• With the advent of the Consumer Financial Protection Bureau (CFPB)—created with the Dodd-Frank Act, endowed with responsibility to oversee servicing—servicing executives reported the adoption of an “all of the above” mentality in prioritizing the importance of a host of document management issues. However, respondents’ “capability scores” (derived from the inverse of self-reported “difficulty ratings” in addressing document management issues), highlight areas that demand more work and attention. Such capability gaps for important initiatives vary depending on whether the institution has retained, acquired, or transferred the servicing of the loan. Priorities and gaps between them and capabilities vary depending on whether the institution retained, acquired, or transferred the servicing. For example:
    • For lenders retaining the servicing of their originations, regulatory compliance topped the list of their priorities with a mean importance rating of 6.6 (out of 7) followed by data security and data accuracy (each rated at 6.5), and the ability to respond to audit trails (6.3). Document management capability ratings show management of third-party vendors as the lowest-scoring capability at 2.7 (out of 7). However, the largest gap between importance and capability is regulatory/legal compliance with a capability score of 2.8, highlighting the need for improvements on this highest priority issue.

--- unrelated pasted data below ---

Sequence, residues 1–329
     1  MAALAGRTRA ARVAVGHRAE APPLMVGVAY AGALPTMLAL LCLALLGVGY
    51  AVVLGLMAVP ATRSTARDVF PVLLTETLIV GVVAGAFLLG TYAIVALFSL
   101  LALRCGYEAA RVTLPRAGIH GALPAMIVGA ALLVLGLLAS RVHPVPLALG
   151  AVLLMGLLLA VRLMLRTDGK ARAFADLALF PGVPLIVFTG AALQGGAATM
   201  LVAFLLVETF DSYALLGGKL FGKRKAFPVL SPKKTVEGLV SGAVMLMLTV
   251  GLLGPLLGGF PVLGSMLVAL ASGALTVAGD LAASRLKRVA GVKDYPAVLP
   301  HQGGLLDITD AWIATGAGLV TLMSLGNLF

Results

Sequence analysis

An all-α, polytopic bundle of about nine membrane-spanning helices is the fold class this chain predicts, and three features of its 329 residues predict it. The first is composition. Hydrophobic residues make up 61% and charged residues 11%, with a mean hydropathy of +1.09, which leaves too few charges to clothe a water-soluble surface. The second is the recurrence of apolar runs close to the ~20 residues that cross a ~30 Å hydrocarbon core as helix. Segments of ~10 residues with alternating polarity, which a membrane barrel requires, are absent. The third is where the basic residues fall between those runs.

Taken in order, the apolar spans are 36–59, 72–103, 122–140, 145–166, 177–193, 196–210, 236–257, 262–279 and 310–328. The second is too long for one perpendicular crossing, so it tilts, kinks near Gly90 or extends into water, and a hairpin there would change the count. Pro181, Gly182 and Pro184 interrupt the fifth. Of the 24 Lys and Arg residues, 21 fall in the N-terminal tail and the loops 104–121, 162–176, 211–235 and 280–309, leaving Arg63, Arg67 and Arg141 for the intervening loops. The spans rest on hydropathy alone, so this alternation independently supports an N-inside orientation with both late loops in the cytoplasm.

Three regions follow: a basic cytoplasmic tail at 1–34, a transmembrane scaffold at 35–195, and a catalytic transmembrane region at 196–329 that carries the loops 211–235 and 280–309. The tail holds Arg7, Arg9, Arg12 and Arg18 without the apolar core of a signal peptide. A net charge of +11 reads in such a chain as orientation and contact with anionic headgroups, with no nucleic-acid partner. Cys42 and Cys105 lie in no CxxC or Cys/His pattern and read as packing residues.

• For institutions purchasing or acquiring the servicing from other firms, data security is their highest priority (6.4) with a low capability rating score of 2.4, suggesting the need for improvement in this area. Missing documents scored as the lowest of all capabilities at 2.2 for these institutions—representing a large gap when comparing the importance versus the difficulty of dealing with this issue.
    • For institutions transferring or selling the servicing to other firms, data security importance rated the highest at 6.6. However, a low capability score of 2.0 for data security illustrates a large gap and cause for concern for these institutions. Additionally, the regulatory scrutiny of sellers’ responsibilities presents compliance/legal risks and difficult challenges as illustrated by the lowest capability score of 1.9 for servicer compliance/legal risk issues.